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Every Step of the Way The process of Nurse Navigation

Getting a mammogram or breast ultrasound is anything but routine for women.

Especially if cancer runs in our family, or we've felt pain or a lump, we hold our breath, waiting to hear that everything is fine. So, when a woman is told the imaging revealed something suspicious and she needs a biopsy, it's a terrifying moment. "everything stops. Whatever was important before has lost its glitter," says Kathi, who had a breast biopsy earlier this year.

Rose, a two-time breast cancer survivor who also had a recent cancer scare, says when medical providers say you have - or might have - cancer, it's too frightening to process. "When you get cancer, you basically go deaf. It's just all kind of jumbled."

Fortunately, Kathi and Rose had someone both compassionate and knowledgeable by their sides:

A breast nurse navigator at Southwest Medical Imaging. SMIL is one of the few centers in the nations whose breast patient navigators are all nurses and are all certified by the National Consortium of Breast Centers. Certification requires breast navigators take an annual test and earn continuing education credits. But to be the best, breast navigators must also be kind, empathetic and patient.
One of the most important things a breast navigator provides is education. "Through education, I can empower them, and then they can make good decisions themselves and ask questions that they might not have known to ask, "says Barbara Ginn, RN, a breast navigator at SMIL.

"An educated patient is a calmer patient," adds Denise Joesten, RN, another SMIL breast navigator. The navigator explains why a biopsy is recommended and what to expect from the procedure. They schedule the biopsy and give the woman their phone number, so she can call anytime with questions. "It gives them a sense of assurance," Joesten says.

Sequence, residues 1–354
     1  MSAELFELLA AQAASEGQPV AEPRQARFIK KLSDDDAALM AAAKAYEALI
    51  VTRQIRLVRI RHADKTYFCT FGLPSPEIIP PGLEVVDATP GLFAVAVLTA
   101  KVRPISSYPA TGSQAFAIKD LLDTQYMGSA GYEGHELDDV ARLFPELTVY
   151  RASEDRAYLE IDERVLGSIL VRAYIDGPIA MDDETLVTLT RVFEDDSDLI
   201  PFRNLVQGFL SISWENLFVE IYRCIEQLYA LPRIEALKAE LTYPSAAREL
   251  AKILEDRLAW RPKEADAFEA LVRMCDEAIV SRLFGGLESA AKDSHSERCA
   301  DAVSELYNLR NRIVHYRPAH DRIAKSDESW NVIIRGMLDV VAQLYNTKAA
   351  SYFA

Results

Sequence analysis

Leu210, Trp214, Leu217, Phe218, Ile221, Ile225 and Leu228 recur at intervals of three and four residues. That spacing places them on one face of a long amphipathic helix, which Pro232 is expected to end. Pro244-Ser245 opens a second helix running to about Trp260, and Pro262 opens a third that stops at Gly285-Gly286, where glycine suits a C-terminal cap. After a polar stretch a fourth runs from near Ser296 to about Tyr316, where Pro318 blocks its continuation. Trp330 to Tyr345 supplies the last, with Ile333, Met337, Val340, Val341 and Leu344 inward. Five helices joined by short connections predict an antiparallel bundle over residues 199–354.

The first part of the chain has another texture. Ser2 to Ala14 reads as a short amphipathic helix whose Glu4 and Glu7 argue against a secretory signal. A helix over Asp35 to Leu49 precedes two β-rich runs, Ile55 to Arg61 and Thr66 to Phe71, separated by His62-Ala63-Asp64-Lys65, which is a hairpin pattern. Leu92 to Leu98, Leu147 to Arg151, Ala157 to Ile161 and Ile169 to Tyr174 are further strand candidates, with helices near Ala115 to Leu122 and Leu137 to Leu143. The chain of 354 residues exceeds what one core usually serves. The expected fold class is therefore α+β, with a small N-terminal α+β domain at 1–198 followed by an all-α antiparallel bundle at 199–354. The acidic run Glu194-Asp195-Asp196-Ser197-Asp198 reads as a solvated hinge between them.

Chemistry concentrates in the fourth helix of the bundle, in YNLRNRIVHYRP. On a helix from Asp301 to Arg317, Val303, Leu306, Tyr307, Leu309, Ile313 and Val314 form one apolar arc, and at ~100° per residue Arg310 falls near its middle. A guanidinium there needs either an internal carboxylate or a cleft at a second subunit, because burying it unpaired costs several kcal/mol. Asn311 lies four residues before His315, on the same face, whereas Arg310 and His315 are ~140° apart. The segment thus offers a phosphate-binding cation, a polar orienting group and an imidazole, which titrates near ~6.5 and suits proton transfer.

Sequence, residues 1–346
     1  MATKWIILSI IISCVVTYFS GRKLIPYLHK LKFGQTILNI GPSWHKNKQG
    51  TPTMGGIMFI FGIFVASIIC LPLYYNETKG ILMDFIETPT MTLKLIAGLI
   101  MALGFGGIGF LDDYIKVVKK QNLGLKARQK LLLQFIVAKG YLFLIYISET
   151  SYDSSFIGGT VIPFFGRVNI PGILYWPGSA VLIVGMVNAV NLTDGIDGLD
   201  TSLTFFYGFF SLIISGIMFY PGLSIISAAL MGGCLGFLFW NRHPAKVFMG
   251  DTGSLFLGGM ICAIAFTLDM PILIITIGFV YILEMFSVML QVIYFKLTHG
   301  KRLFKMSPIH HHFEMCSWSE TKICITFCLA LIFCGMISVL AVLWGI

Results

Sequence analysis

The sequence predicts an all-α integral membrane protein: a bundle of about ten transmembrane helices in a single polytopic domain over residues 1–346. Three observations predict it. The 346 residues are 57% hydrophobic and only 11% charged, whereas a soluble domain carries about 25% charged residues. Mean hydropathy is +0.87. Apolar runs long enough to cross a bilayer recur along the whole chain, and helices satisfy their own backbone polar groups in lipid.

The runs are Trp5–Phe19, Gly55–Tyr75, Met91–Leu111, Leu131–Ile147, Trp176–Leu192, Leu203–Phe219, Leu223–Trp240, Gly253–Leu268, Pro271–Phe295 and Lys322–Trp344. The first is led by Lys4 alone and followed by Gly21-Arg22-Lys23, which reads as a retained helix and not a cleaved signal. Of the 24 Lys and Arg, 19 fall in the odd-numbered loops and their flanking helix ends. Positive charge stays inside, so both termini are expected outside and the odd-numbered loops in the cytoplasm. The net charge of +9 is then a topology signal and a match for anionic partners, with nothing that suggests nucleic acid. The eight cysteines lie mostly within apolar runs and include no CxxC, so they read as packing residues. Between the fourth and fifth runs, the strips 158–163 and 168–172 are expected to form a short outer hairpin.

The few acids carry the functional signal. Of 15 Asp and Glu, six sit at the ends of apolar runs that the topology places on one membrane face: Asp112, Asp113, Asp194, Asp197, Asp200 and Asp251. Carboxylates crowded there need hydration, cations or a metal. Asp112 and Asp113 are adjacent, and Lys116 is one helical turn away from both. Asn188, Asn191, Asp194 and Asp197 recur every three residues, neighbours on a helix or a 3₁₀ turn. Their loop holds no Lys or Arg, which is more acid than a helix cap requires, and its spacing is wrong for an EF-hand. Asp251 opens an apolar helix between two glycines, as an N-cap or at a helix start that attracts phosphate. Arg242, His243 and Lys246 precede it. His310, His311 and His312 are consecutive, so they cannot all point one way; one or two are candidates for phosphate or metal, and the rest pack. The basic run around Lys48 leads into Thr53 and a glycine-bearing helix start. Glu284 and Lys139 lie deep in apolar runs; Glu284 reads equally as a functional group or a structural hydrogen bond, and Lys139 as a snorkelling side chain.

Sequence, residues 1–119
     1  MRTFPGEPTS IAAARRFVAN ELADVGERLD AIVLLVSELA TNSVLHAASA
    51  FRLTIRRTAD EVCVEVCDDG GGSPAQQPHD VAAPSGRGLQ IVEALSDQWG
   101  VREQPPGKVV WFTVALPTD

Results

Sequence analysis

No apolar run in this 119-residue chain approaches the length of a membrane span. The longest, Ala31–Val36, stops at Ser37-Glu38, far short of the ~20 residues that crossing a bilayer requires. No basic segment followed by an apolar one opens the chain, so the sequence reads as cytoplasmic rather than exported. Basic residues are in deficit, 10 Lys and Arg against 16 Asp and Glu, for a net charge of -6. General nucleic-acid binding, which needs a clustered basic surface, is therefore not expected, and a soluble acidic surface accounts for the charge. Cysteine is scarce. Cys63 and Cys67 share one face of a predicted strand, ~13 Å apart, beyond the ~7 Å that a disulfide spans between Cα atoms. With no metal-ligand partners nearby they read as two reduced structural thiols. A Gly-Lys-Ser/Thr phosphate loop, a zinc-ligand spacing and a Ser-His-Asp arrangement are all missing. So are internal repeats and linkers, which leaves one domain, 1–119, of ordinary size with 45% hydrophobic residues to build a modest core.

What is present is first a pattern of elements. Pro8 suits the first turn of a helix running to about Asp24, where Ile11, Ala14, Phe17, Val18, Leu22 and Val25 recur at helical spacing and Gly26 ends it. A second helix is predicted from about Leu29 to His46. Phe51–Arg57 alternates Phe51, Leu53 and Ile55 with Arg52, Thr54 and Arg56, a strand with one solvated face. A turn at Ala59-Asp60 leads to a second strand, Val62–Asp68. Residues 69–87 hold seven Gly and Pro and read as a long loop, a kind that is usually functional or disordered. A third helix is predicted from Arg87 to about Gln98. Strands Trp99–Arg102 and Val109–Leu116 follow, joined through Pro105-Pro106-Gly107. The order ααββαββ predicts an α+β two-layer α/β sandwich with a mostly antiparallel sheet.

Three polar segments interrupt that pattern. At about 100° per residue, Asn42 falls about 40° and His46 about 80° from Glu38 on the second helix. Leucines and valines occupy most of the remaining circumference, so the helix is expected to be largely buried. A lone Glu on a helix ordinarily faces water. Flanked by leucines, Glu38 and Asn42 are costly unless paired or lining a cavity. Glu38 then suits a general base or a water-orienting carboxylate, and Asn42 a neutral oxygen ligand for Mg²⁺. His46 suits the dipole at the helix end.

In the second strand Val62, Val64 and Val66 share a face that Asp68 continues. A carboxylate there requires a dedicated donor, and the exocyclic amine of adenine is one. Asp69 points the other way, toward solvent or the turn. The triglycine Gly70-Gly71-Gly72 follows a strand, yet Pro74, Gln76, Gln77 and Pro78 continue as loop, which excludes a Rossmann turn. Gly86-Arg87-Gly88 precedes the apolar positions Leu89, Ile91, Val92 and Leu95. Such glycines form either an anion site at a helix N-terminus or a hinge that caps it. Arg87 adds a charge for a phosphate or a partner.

"It's almost like having a friend going through something you've been through, and you can call that person whenever you're feeling stressed about it."

Oftentimes, the navigators help with the biopsy and keeps the woman calm and comfortable. Frequently, providers ask the navigator to communicate the results of the biopsy. If it's malignant, the navigator explains what kind of breast cancer the woman has, shows her the size of the tumor, and discusses how quickly the tumor is growing and whether it's hormone receptive. They do not recommend specific treatments but inform the woman bout the various options her physician might recommend. They also know about the various all the local resources the woman may need now and, in the future, such as support groups, counseling for patients and caregivers, nutrition classes and specialty care products.

"One of the great benefits of what I can do for them is if we need an hour to talk, we can have an hour," Ginn says. "It's in an uninterrupted room where if they want to cry or laugh or scream or what they want to do, they are free and not judged by what they do in this room."

"So many times, the medical field is so impersonal; they get personalized care here with us," says Pam Turgeon, RN, another breast navigator at SMIL. She says that's especially important for breast patients, because every woman knows someone who's had breast cancer or has passed away from cancer. "It's an emotional, traumatic experience for most women. So we just really try to love on our patients and be a comfort for them."

Kathi says het SMIL navigator was "absolutely marvelous. She was kind and sympathetic. And kindness is just so important when you're in a vulnerable stage, just everything about her was perfect." After Kathi found out her tumor was benign, she brought her navigator flowers.

Rose says she also made a connection with her SMIL navigator. "She was a doll. She just made me feel better." After rose's scare, when she found out she was still cancer-free, her navigator asked if there was anything else she could do for her. "I said, 'Yeah, give me a hug.' She was just so nice. I felt like I made a friend that day."

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